142nd APHA Annual Meeting and Exposition

Annual Meeting Recordings are now available for purchase

Profiles of Depression Help Seeking among African Americans: A Latent Class Approach

142nd APHA Annual Meeting and Exposition (November 15 - November 19, 2014): http://www.apha.org/events-and-meetings/annual
Tuesday, November 18, 2014 : 8:50 AM - 9:10 AM

Krystal Hays, MSW, LCSW , School of Social Work, University of Southern California, Los Angeles, CA
Tamika D. Gilreath, PhD , School of Social Work, University of Southern California, Los Angeles, CA
Black Americans have poorer depression prognosis than other groups and help seeking patterns impact depression outcomes.

Method: A latent class analysis of data from the National Survey of American Life was used to identify profiles of depression help seeking among a national sample of Black Americans (n=564).

Findings: The analysis identified the following "4 class" solution: Class 1)Young Professional Help Seekers (45% of sample). Mostly younger (m=33, sd=1.17) African American females with very low education who sought depression help from a mental health professional; Class 2) Older Medical/Informal Help Seekers (15%). Included mostly older (m=57, sd=4.0) African American females with low education seeking help from primary care, clergy, and family and friends; Class 3) High Utilizers (9%). MClassiddle-aged (m=46, sd=2.72), all African American, and mostly female with middle education who sought help from all sources of support, and Class 4) Middle-Aged Informal Help Seekers (30%). Mostly female Carribean and African American. Multinomial logistic regression analysis showed that having health insurance was significantly related to the increased likelihood of being in the class of Middle-Aged Informal Help Seekers over the class of Young Professional Help Seekers (OR=1.34, 95% CI=1.07-1.66).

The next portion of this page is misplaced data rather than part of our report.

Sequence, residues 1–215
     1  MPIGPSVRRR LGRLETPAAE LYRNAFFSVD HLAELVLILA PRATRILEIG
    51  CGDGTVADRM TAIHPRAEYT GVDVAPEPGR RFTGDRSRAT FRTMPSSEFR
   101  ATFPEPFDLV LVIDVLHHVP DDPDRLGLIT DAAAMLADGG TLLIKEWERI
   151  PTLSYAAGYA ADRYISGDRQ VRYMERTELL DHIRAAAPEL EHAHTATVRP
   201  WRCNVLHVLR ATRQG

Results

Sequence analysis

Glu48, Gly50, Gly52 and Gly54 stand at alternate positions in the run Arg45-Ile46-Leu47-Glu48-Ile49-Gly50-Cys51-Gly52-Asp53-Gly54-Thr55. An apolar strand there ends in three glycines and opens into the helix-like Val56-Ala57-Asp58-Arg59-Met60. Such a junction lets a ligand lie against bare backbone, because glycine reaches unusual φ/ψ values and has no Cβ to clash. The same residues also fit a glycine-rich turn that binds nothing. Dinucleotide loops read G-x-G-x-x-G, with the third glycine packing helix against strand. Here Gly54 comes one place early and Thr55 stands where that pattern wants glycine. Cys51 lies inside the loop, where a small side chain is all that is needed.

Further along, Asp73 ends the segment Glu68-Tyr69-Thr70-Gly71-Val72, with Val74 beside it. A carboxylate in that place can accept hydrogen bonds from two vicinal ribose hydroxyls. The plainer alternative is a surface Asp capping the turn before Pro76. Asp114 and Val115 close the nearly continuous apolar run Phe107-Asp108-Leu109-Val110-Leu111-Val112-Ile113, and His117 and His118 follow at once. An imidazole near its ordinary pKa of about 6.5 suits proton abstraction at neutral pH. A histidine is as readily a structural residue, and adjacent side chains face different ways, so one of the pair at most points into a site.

Conclusions: Blacks who engaged their family doctor and family and friends for help had a  mean age of 38 (sd=2.45) and were highly educated.  These results suggest distinct depression help seeking profiles among Black Americans and a preference for primary care and informal support and may suggest the need for additional mental health training for medical practitioners and clergy.

Learning Areas:

Assessment of individual and community needs for health education
Diversity and culture
Social and behavioral sciences

Learning Objectives:
Describe profiles of help seeking for depression among Black Americans Discuss correlation between access to healthcare and help seeking profiles

Keyword(s): African American, Mental Health

Presenting author's disclosure statement:

Qualified on the content I am responsible for because: I have conducted several secondary data analyses and systematic reviews around various mental health issues impacting African Americans which have been presented at national conferences and/or are under review for peer-reviewed journals. I have clinical experience in mental health treatment with African Americans and am supervised by faculty mentors with experience in this area and successful grant funding and publications.
Any relevant financial relationships? No

I agree to comply with the American Public Health Association Conflict of Interest and Commercial Support Guidelines, and to disclose to the participants any off-label or experimental uses of a commercial product or service discussed in my presentation.